Nomad Jukebox Zen Xtra

27 May 2004

Product: MP3 Player
Price: €399

“Oh God! Not another damned MP3 player…” were the thoughts that screamed through my anguished mind when I discovered that I was the person charged with reviewing the Nomad Jukebox Zen Xtra from Creative Labs. Okay, there’re worse jobs in the world and the barely disguised jealousy on the face of one of my colleagues (you know who you are) convinced me to plod on – I haven’t looked back since.

My reluctance for reviewing music players is born out of my experiences of some of the first MP3 players to come on the market. An aficionado of digital music and an early convert to Napster 1.0, the temptation to download or rip music and then throw it onto a digital device was overwhelming. Unfortunately, what seemed like a lesson in thrift soon degenerated into a battle of patience after I’d torn open the packaging, uploaded the software and connected the device to my PC.

My first device was one of the early MP3 player phones that at most contained about three or four songs at a time and took about 20 minutes to transfer a song (if it worked). Barely contained enthusiasm flowed neatly into barely concealed rage. Thankfully, the Nomad Jukebox Zen Xtra that I spent most of last week playing with burst many bubbles and has reprieved the reputation of digital music players in my jaundiced eyes.

First of all, with 40Gb of hard disk space, this baby can hold something like 10,000 songs (apart from Larry Gogan, who the hell would have so many songs?). Alternatively, it also doubles up as an external hard drive for storing photos, videos and other data files. Also available in 30Gb and 60Gb flavours, the Zen is meant to be Creative Labs’ answer to Apple’s iPod.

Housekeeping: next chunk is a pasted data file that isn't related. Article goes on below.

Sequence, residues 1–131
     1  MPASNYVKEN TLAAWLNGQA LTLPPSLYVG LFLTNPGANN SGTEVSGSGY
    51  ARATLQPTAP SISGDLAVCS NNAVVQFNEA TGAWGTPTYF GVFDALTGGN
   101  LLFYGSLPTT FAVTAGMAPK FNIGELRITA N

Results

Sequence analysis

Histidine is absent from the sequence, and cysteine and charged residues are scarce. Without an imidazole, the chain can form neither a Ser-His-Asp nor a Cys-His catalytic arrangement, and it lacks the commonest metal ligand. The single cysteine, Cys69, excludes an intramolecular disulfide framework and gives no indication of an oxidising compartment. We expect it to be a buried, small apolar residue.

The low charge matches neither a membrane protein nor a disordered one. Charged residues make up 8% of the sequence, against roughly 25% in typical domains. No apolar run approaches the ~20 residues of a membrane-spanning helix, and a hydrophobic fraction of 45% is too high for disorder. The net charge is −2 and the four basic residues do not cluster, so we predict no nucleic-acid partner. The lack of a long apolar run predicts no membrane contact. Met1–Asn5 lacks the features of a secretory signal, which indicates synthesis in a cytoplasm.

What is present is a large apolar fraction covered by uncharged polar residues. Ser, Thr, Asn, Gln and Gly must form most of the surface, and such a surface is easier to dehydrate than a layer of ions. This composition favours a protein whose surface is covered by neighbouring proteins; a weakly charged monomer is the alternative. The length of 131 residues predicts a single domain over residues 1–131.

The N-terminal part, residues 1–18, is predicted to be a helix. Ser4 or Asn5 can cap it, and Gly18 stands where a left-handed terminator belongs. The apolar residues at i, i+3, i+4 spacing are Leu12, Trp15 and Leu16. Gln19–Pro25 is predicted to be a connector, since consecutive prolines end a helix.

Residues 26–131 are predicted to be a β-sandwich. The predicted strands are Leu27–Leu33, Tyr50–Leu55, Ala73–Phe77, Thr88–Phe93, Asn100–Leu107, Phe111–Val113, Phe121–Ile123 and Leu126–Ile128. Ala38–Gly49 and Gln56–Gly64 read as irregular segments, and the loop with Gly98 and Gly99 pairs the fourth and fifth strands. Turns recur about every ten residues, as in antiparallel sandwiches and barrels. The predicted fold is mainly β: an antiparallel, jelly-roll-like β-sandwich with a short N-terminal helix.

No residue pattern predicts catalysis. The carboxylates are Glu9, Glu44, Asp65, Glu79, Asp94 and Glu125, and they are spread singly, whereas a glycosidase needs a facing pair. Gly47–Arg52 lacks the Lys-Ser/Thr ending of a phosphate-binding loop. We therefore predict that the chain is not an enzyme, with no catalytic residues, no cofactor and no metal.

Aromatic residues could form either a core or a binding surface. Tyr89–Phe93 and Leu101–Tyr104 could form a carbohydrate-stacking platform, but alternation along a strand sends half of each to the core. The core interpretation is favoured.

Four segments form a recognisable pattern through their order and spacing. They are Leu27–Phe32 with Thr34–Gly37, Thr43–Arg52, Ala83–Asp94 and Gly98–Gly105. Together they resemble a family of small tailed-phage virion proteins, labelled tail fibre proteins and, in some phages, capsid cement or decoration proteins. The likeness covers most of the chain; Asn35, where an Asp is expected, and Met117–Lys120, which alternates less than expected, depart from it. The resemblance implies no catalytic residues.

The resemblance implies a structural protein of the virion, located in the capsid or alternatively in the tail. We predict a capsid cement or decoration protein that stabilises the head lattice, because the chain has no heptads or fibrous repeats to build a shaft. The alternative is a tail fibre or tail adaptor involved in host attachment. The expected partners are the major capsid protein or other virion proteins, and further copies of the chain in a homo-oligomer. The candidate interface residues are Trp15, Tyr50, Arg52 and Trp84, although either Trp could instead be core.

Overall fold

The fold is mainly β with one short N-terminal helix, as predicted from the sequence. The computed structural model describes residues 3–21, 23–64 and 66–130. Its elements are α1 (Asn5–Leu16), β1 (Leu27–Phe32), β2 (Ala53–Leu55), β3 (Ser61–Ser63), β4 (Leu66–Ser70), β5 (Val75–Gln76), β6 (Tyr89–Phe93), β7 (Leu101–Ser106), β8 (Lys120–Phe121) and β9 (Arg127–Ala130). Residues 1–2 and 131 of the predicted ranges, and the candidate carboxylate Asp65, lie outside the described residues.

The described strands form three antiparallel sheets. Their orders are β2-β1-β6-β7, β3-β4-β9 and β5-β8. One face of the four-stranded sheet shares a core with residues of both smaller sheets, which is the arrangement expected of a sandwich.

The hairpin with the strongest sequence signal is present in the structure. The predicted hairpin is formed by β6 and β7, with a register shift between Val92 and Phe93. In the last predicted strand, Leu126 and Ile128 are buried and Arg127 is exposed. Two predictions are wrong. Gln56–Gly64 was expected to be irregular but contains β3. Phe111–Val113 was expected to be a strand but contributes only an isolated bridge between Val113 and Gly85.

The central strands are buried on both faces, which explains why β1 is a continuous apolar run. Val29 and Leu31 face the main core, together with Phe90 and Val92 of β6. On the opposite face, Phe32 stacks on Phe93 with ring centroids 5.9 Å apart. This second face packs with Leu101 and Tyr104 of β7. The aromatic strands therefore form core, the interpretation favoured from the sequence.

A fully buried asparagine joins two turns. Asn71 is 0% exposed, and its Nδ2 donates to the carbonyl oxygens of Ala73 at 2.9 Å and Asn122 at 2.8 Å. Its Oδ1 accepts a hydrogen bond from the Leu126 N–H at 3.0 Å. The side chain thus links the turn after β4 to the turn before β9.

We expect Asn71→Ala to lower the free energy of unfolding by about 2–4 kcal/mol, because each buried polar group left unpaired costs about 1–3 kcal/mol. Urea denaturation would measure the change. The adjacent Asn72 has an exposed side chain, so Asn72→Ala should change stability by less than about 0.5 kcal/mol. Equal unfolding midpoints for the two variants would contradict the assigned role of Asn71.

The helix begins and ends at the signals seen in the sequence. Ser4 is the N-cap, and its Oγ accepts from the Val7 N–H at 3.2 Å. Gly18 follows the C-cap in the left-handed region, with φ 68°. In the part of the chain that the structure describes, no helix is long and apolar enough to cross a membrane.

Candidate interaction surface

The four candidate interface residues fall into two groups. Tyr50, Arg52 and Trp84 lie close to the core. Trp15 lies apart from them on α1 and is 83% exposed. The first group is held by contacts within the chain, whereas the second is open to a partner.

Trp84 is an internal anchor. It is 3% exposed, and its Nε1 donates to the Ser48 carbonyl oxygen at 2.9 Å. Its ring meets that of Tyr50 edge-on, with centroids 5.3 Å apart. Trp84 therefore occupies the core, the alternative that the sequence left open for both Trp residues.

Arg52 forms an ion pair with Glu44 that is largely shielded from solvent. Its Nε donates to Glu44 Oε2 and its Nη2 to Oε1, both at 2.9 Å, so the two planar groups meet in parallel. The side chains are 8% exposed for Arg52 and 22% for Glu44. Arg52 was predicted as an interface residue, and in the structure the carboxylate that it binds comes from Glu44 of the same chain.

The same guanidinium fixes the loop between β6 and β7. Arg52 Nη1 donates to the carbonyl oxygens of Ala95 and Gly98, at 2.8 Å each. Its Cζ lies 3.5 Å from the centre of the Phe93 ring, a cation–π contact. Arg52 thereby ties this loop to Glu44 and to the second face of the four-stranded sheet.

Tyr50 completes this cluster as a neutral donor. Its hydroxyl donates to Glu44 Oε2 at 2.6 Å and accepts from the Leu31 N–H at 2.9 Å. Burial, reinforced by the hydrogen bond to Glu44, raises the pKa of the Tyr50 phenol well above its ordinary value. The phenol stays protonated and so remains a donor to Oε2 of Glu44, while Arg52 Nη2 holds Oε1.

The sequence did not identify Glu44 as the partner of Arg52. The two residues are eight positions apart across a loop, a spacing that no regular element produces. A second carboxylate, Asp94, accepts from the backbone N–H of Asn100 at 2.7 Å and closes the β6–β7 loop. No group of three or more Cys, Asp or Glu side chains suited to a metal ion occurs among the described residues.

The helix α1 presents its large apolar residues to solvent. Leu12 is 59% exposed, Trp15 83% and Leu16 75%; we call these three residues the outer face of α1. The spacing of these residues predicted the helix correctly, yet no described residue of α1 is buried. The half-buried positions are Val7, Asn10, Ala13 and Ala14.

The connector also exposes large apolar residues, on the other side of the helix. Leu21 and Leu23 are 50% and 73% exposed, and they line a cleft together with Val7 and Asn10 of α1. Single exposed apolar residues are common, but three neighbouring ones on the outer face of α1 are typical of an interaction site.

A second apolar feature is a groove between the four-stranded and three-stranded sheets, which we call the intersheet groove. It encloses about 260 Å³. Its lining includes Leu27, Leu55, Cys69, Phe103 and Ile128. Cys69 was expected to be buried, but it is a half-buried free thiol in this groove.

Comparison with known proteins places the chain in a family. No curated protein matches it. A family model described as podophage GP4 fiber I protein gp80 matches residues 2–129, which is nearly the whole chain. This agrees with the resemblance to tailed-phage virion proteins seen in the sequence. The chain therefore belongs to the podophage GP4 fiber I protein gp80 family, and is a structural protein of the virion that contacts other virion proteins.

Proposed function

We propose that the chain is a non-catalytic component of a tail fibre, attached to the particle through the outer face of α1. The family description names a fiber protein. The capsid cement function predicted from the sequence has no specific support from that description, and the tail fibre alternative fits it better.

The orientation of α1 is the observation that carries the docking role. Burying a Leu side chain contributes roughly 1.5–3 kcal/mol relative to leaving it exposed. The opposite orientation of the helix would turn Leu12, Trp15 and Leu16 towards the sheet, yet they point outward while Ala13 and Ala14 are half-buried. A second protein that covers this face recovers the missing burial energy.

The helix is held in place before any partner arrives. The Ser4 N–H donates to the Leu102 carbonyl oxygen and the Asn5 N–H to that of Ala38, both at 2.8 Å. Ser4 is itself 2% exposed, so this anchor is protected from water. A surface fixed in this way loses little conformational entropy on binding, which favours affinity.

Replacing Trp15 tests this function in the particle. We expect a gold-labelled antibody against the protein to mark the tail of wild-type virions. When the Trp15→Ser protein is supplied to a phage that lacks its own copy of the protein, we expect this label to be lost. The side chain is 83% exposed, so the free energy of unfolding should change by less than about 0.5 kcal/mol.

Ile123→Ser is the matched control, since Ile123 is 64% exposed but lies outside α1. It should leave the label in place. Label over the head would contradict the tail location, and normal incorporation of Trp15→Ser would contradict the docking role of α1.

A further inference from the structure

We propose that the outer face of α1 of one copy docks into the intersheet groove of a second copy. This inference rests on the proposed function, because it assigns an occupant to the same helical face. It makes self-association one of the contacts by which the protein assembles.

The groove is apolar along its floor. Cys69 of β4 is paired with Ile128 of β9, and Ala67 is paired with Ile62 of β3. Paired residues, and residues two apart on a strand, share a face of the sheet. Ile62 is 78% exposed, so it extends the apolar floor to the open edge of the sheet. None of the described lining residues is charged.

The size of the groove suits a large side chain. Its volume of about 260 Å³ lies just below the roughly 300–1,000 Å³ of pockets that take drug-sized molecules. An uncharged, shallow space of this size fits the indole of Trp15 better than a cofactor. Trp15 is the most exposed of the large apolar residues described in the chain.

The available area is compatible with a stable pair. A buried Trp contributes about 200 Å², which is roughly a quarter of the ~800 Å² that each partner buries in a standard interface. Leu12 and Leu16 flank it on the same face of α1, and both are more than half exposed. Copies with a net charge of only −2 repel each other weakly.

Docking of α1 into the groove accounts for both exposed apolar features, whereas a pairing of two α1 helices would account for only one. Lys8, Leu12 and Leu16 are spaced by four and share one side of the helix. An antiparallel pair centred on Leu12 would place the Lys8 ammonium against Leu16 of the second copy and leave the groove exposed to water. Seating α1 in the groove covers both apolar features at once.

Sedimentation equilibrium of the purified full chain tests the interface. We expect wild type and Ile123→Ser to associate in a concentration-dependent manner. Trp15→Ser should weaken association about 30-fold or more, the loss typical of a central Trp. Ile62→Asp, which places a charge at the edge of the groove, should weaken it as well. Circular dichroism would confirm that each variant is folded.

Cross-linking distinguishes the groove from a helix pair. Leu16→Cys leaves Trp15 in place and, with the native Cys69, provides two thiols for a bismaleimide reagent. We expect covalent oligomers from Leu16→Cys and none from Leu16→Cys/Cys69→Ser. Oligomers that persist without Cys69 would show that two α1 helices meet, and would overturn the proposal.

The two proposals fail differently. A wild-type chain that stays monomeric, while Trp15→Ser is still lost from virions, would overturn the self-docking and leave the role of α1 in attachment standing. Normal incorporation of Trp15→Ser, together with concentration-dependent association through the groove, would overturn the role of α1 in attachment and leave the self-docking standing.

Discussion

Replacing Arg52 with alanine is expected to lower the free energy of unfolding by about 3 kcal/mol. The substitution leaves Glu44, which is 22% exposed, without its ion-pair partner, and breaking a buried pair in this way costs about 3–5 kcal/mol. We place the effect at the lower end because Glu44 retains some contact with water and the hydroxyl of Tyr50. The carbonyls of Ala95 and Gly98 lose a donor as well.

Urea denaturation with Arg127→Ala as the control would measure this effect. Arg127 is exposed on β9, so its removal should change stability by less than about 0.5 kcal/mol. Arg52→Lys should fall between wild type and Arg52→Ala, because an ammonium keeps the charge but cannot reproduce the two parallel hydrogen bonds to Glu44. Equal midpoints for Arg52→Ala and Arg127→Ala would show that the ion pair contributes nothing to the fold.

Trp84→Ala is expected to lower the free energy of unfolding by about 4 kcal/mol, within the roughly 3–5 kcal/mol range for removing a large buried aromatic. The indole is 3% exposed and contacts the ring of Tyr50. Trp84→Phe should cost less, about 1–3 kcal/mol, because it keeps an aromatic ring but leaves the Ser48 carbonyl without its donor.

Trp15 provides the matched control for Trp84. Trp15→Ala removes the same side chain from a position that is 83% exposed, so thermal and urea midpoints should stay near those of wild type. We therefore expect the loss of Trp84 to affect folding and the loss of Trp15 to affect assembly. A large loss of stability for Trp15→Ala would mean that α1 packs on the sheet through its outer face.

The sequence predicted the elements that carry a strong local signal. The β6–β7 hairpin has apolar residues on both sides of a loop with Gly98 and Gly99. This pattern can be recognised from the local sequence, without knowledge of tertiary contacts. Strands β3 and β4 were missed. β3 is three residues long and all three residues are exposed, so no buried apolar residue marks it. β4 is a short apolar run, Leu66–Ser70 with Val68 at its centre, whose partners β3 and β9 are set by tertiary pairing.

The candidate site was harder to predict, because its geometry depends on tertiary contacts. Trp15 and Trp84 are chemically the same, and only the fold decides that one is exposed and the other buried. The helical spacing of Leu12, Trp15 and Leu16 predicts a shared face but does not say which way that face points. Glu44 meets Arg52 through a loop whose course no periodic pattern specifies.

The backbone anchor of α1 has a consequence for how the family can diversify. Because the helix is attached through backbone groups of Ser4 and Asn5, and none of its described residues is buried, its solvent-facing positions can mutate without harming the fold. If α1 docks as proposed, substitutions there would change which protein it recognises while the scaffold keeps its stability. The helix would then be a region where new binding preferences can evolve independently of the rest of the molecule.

The device features a removable high capacity Li-ion battery that allows up to 14 hours of playback, and because its removable (just like a mobile phone battery) it should allow Creative Labs to sidestep some of the legal headaches that have dogged Apple over a failure to make installing and removing batteries simple.

Apart from a mild likeness to the iPod in terms of looking like an extremely large packet of cigarettes, it is there that the similarities end. Unlike the iPod, the Zen device doesn’t feature the soft featured, red scrolling mechanism that designers wax lyrical about. It does, however, come with a high resolution backlit LCD screen. Controlling the device is quite simple.

The device also managed to kill any reservations that I had about transferring music. Proprietary software for managing playlists and ripping music from CDs was loaded onto my PC in seconds. The Zen’s USB2.0 cable is supposed to be capable of loading a song a second – it was actually a few seconds, but it worked well and in no time I had transferred several albums worth of material onto the device and was humming along to everything from The Kinks to Badly Drawn Boy.

And, in a very strange way, the device managed to do in one afternoon what my girlfriend has been trying to do for months: convert me to classical music. Someone at Creative Labs had put the definitive guide to classical music onto the device – everything from Beethoven, Bizet and Chopin to Debussy, Haydn and Mozart – and, in the absence of the usual fare, an educational afternoon in the office was had while working away to the precise rhythms of the Beijing Central Philharmonic Orchestra.

The 40Gb Nomad Jukebox Zen Xtra device is available in Ireland under an exclusive agreement with Dixons, while a 30Gb device can be bought at Compustore. At €399 including Vat, the 40Gb Nomad Jukebox Zen Xtra is on average 30pc cheaper than its iPod equivalent, according to Creative Labs; but I’m sure Apple would have something to say about that.

By John Kennedy